Which is better? Closed source or open source ERP?

The pros and cons of closed source ERP software

The more traditional ERP environment is focused on closed source software, which can be purchased by renting (via SaaS or subscription pricing in the Cloud) or by buying perpetual licenses.

The scope of functions and users is limited in the license model. The running costs of closed source software might be thought of as the main disadvantage compared to open source systems. However, thanks to numerous Cloud offerings, i.e. the ability to use ERP online, the investment requirement is significantly reduced. Of course, costs must always be considered in the context of benefits. Let's take a closer look at the benefits of traditional, closed source ERP software below.

Sophisticated, field-tested ERP systems

In particular, established ERP providers have years of experience with projects in various industries. In many cases, even industry-specific solutions have been developed that already cover numerous corporate requirements as standard. In addition, interfaces and functions are technically mature. Modern ERP software can be operated intuitively despite the sometimes high complexity. If required, professional training is also available.

Costs of customizations are usually manageable

Closed source software also requires a certain amount of initial customizing. If necessary, however, the vendor or a certified service provider supports this customization. If adjustments to the source code are required, this may only be done by the software manufacturer or one of its authorized partners. This can be costly but is rarely required due to the high level of maturity of industry ERP solutions.

High operational reliability characterizes closed source software

Unlike open source ERP, the use of closed source ERP software entails much lower risks. Uptime and consistent functionality is the vendors responsibility. He is also responsible for maintaining, developing and updating the system, and takes care of data protection and data security. If the ERP system is used online, even the question of the hardware running the ERP system lies with the vendor.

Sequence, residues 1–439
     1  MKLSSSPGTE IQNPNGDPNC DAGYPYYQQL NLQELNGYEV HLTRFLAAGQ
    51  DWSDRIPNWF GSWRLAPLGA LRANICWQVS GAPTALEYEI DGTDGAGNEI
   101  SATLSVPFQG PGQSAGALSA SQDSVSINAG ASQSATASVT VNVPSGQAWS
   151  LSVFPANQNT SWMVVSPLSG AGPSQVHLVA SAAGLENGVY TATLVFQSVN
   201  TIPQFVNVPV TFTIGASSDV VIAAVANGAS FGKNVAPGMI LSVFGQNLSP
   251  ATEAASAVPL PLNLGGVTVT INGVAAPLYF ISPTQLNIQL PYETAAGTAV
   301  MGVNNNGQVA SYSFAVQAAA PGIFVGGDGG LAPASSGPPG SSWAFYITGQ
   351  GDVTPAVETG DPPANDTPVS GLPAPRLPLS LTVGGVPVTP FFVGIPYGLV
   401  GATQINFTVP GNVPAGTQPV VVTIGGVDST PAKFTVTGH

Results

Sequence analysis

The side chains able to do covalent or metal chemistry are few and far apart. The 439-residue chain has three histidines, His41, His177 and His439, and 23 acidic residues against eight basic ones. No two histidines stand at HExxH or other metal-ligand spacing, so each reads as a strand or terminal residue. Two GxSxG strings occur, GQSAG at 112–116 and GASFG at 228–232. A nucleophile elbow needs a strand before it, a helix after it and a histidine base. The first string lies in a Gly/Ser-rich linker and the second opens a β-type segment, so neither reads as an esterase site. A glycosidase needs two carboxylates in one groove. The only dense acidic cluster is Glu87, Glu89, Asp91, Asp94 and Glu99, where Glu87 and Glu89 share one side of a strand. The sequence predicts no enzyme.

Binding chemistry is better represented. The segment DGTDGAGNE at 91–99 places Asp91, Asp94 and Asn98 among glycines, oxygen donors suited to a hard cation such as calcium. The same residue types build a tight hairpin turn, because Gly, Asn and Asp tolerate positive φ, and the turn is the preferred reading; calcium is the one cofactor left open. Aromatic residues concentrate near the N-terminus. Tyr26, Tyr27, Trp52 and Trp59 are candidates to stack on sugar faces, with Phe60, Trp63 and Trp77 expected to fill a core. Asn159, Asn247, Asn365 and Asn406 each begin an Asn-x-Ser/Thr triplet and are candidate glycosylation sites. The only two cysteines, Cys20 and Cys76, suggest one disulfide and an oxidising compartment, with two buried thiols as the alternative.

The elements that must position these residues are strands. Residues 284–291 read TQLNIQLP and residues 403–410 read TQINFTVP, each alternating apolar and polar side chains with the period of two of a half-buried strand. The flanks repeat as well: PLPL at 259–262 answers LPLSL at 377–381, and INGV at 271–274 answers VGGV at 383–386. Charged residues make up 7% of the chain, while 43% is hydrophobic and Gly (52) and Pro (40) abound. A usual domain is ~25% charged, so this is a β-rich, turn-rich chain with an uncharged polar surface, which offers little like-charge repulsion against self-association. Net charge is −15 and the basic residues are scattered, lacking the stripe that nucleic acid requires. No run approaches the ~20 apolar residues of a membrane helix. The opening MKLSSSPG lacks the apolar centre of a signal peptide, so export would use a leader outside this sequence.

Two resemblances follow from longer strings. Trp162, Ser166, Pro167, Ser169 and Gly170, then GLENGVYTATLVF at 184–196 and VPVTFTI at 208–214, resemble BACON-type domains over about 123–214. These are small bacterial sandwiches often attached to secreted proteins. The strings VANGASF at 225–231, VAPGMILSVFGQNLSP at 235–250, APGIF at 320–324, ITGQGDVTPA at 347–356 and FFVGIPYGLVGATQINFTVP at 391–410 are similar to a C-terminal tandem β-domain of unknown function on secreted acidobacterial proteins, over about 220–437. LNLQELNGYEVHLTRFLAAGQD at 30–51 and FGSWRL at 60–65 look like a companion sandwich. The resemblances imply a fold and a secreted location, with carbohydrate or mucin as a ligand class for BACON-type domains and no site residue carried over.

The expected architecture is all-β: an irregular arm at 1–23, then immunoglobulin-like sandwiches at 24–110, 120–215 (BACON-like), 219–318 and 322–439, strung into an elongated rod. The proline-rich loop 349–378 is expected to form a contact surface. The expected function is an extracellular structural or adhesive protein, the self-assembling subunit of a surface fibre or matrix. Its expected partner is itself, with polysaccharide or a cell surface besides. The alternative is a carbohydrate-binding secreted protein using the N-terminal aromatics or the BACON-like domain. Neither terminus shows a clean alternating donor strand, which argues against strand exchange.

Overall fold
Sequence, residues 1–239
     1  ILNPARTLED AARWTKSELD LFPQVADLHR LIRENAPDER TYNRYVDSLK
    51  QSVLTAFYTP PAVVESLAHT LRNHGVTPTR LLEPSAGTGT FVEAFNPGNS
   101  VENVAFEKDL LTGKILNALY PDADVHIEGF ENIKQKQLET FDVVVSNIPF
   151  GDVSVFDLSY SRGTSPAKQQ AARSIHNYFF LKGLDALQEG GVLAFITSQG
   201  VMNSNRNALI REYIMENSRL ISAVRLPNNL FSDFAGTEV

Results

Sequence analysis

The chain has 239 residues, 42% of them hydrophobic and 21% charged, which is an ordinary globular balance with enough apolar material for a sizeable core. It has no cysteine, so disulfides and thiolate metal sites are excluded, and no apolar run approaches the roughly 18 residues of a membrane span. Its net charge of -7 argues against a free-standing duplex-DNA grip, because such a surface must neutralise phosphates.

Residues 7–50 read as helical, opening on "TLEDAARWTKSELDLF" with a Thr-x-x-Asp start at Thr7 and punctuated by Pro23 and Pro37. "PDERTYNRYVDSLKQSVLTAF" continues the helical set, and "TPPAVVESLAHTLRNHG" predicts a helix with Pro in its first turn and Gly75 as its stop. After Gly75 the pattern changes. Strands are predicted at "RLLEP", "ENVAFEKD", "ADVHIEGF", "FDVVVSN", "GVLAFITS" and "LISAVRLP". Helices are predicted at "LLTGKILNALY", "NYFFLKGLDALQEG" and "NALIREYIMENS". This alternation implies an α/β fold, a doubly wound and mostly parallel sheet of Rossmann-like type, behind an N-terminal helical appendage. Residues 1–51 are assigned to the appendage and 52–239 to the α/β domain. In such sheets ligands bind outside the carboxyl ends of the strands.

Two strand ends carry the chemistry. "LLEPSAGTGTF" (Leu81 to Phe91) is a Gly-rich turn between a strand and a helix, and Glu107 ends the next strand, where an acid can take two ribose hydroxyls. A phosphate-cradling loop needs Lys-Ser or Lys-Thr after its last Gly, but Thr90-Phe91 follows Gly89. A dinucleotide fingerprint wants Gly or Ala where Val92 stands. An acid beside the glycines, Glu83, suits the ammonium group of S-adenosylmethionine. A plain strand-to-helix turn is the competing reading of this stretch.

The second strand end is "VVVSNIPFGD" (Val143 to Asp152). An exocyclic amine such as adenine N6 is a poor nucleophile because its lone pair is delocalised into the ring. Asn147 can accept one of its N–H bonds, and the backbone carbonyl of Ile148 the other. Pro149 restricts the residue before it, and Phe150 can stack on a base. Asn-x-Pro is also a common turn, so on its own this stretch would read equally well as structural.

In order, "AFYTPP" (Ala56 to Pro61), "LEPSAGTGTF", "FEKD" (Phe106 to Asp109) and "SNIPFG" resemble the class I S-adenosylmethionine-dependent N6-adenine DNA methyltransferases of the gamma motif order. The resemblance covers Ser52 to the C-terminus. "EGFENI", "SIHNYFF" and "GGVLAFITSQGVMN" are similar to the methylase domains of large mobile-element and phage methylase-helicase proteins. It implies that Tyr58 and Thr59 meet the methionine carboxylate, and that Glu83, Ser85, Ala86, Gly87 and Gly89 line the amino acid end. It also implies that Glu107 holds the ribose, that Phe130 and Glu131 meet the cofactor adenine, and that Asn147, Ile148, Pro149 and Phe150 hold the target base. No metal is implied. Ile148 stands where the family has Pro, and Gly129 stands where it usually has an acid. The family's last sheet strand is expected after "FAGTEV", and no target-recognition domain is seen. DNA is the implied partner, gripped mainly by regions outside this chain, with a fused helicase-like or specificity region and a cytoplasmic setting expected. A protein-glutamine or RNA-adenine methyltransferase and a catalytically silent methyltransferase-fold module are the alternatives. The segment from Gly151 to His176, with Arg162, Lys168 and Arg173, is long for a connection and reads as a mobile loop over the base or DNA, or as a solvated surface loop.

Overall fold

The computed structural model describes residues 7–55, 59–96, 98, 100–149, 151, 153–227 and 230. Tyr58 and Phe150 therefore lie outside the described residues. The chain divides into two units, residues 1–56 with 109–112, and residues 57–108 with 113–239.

Conclusion: which type of ERP software is better?

In comparing closed source and open source ERP, the conclusion is that open source solutions are only suitable in specific cases – smaller companies with very simple processes or organizations with robust development and IT staff. 

In many scenarios, open source ERP does not provide the required functionality, and the software can only be used meaningfully after extensive custom development. This greatly increases total costs. In addition, there is the risk of expensive outages and dependencies on individual knowledge carriers. For these reasons, companies prefer closed source ERP providers that can deliver support and service at a high level.

Overall, open source ERP software will therefore continue to be a niche phenomenon in the future. In particular, the hidden costs, which can quickly exceed the expenses for a purchase or rental ERP system, should be critically examined by small and medium-sized enterprises. Especially medium-sized companies with multiple locations as well as complex business and production processes are better advised to use closed source ERP software. Cloud ERP, in particular, significantly reduces entry barriers.